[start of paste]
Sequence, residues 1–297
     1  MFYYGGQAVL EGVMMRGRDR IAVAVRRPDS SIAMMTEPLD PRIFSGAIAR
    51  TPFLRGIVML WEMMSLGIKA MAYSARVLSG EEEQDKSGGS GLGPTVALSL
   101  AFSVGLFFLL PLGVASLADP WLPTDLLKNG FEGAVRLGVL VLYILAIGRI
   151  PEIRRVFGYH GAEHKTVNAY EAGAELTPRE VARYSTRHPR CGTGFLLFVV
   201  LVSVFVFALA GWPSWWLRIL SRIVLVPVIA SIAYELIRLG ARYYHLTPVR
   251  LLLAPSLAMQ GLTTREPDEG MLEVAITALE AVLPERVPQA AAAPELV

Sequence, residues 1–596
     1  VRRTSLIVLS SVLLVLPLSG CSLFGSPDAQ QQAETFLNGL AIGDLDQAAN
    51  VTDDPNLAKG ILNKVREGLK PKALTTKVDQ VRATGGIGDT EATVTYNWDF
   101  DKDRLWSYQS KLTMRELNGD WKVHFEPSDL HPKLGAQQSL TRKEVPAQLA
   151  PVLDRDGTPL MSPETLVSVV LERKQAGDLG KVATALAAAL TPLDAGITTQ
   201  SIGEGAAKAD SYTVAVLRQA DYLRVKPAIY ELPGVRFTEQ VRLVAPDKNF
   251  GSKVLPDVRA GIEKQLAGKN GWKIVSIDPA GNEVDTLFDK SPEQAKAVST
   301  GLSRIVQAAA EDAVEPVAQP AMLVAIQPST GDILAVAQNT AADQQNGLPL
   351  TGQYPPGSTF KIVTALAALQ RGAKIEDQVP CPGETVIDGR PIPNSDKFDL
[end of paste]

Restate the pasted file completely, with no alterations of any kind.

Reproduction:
Sequence, residues 1–297
     1  MFYYGGQAVL EGVMMRGRDR IAVAVRRPDS SIAMMTEPLD PRIFSGAIAR
    51  TPFLRGIVML WEMMSLGIKA MAYSARVLSG EEEQDKSGGS GLGPTVALSL
   101  AFSVGLFFLL PLGVASLADP WLPTDLLKNG FEGAVRLGVL VLYILAIGRI
   151  PEIRRVFGYH GAEHKTVNAY EAGAELTPRE VARYSTRHPR CGTGFLLFVV
   201  LVSVFVFALA GWPSWWLRIL SRIVLVPVIA SIAYELIRLG ARYYHLTPVR
   251  LLLAPSLAMQ GLTTREPDEG MLEVAITALE AVLPERVPQA AAAPELV

Sequence, residues 1–596
     1  VRRTSLIVLS SVLLVLPLSG CSLFGSPDAQ QQAETFLNGL AIGDLDQAAN
    51  VTDDPNLAKG ILNKVREGLK PKALTTKVDQ VRATGGIGDT EATVTYNWDF
   101  DKDRLWSYQS KLTMRELNGD WKVHFEPSDL HPKLGAQQSL TRKEVPAQLA
   151  PVLDRDGTPL MSPETLVSVV LERKQAGDLG KVATALAAAL TPLDAGITTQ
   201  SIGEGAAKAD SYTVAVLRQA DYLRVKPAIY ELPGVRFTEQ VRLVAPDKNF
   251  GSKVLPDVRA GIEKQLAGKN GWKIVSIDPA GNEVDTLFDK SPEQAKAVST
   301  GLSRIVQAAA EDAVEPVAQP AMLVAIQPST GDILAVAQNT AADQQNGLPL
   351  TGQYPPGSTF KIVTALAALQ RGAKIEDQVP CPGETVIDGR PIPNSDKFDL